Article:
We have a development project in our church, and have raised more than £1 million, but we still have some way to go. Can large trusts help us? What other routes do you advise?
I HAVE noted that at least one large trust — that is, one that could make a very large grant — states on its website that it is no longer contributing to large projects unless those projects have almost all the funds they need. In other words, you will not receive large grants only for the funds to sit in your bank for years while your fund-raising plods on.
This is not a judgement on your project, but a symptom of the straitened circumstances in which we find ourselves. Trusts whose income depends on shares and dividends have suffered a significant loss of income, and therefore have far less money to distribute. Ask for their help when you are very close to the total required.
Alternatively, and perhaps wisely, you may split your project into workable phases, do the work that you can now afford, and have smaller phases to follow, so that the trust can see that its funds would help achieve a specific essential piece of work. This will be more attractive.
Although there are few government funds left in the field, do keep an eye on your local council. My local council, although withdrawing many social and welfare funds, is handing out a “Big Society” fund in one-off grants. These are great when you can identify the benefits to everyone who lives in the area.
The central-government allocation of just over £1 million to historic churches is being distributed by the Church of England and by the National Churches Trust. But this is a small sum when you consider the number of historic churches fund-raising: do not expect too much.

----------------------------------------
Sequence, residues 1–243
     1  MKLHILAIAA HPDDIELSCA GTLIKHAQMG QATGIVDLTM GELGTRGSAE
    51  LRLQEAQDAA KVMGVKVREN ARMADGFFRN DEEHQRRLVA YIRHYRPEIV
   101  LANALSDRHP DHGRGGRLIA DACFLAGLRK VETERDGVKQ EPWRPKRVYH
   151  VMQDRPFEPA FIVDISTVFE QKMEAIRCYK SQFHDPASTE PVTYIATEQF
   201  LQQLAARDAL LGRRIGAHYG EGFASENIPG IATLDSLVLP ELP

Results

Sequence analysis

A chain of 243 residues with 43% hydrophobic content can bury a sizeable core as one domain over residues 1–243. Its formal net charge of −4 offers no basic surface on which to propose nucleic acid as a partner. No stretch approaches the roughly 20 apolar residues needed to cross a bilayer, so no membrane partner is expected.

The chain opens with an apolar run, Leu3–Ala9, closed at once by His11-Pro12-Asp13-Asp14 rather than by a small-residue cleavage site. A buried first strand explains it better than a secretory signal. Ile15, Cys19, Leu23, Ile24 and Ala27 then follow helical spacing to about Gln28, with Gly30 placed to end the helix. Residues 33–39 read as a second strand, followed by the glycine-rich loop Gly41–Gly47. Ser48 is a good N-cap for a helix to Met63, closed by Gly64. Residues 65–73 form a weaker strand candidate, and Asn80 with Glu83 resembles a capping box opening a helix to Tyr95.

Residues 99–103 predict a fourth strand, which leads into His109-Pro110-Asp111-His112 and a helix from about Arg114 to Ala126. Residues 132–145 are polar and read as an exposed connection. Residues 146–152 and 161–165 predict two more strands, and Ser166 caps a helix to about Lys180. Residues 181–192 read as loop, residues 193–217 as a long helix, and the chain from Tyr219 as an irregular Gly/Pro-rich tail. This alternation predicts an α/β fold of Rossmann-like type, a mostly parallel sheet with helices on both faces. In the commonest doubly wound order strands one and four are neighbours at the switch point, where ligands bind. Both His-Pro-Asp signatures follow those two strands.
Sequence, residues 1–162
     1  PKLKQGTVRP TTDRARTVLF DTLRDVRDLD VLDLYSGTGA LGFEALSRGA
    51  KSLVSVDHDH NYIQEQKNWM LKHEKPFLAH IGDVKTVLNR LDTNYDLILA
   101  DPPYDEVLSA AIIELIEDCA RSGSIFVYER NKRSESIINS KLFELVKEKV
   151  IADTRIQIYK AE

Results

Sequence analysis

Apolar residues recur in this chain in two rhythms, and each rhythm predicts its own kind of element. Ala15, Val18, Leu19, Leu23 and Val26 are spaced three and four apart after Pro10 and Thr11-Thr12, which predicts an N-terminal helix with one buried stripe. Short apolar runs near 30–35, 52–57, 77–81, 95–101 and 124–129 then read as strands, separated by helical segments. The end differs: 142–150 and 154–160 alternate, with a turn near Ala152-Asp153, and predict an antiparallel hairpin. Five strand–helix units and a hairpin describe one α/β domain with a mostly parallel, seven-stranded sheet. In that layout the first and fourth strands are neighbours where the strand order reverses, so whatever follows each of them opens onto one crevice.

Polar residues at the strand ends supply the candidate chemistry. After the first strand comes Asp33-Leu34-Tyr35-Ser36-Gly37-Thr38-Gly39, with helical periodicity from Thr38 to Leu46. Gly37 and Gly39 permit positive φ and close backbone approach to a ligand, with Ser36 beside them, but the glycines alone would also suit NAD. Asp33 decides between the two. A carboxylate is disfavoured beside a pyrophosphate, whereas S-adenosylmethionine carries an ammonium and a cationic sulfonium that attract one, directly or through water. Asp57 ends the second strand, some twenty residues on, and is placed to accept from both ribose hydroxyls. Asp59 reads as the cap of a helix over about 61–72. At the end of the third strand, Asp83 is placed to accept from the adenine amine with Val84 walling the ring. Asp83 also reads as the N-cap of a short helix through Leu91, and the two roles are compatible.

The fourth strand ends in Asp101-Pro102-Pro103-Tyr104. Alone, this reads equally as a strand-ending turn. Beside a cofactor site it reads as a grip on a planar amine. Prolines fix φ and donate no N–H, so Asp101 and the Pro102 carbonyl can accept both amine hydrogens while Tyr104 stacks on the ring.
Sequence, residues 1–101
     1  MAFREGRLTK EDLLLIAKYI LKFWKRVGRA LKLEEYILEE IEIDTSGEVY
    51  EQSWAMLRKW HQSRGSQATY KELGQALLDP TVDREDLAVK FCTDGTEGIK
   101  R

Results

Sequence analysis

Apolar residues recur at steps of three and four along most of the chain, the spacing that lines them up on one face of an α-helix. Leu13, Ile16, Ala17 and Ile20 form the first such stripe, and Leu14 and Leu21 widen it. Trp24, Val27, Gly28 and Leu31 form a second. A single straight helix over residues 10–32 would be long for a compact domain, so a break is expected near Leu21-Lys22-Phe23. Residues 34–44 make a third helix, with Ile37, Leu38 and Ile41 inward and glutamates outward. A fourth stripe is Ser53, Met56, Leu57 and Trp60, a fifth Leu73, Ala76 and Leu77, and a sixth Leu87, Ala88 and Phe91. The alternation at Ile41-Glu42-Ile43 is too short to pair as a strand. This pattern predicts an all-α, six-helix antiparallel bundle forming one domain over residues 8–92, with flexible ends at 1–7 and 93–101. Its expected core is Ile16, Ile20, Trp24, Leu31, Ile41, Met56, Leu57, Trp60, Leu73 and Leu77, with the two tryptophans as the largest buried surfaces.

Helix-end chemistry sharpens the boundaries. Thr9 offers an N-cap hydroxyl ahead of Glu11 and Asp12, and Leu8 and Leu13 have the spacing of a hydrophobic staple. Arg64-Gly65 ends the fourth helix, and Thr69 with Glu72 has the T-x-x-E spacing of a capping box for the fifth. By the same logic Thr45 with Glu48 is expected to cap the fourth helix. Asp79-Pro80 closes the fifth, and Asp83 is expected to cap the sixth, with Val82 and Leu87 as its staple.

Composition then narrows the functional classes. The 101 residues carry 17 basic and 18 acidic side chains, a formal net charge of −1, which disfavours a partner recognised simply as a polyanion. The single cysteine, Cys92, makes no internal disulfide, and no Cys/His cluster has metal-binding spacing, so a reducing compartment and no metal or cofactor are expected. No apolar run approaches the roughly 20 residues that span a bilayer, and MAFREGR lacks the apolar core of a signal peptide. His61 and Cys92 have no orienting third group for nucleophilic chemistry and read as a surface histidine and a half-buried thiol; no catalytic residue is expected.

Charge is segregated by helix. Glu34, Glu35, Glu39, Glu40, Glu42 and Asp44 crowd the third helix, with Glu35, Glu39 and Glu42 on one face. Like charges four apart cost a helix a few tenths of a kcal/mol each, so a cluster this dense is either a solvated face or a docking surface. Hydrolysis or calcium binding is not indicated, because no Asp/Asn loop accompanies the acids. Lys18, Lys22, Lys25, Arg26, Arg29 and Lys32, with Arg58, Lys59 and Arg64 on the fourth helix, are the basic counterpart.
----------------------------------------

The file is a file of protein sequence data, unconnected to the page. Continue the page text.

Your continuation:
Most of the landfill operators have £50,000 as their maximum grant size, and still fund church projects within specific parameters. This might not help your overall sum, but it could help with those specific follow-on phases.
One source of funds will be unaffected by the recession, that is, legacies. We are still not individually or collectively, as churches, doing really well on this front, and you could probably benefit from a well-designed, very specific leaflet that encourages churchpeople and neighbours to consider a legacy to the church. It should be designed with photographs of the church and its activities, especially Occasional Offices, to remind people of the loyalty that they owe to the church. Distribute the leaflet to solicitors in the area, as well as in church and with stewardship communications.
The task of fund-raising in a recessionary climate also significantly increases the competition for funds. Your bids to outside bodies of all kinds need to be better than those of other people. Ensure that you are describing not only what the new project will achieve, but also how much it will achieve for how many people, and across what sectors of the community. Passion cannot compete with good information.
Many projects benefit from surprising sources of funds; so do hold plenty of events, even if they raise only small sums. The friendships that result may lead to larger donations as allegiances are formed.
Send questions and comments to: firstname.lastname@example.org.